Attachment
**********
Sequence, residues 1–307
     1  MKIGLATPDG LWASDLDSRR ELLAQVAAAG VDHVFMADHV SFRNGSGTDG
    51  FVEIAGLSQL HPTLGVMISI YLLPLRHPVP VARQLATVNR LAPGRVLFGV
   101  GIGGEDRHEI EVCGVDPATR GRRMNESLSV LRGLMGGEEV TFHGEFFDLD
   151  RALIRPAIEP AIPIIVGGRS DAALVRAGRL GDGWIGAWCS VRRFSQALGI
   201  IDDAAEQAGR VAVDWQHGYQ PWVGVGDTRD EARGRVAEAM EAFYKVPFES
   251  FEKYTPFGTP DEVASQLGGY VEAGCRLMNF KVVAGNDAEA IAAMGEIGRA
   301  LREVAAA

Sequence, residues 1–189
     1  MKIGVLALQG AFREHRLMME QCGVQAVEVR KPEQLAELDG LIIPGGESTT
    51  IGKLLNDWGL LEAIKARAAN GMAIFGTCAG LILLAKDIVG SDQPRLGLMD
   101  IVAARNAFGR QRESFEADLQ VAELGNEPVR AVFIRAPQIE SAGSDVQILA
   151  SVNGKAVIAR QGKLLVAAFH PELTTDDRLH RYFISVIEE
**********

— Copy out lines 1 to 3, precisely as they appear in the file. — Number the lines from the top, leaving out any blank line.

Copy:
Sequence, residues 1–307
     1  MKIGLATPDG LWASDLDSRR ELLAQVAAAG VDHVFMADHV SFRNGSGTDG
    51  FVEIAGLSQL HPTLGVMISI YLLPLRHPVP VARQLATVNR LAPGRVLFGV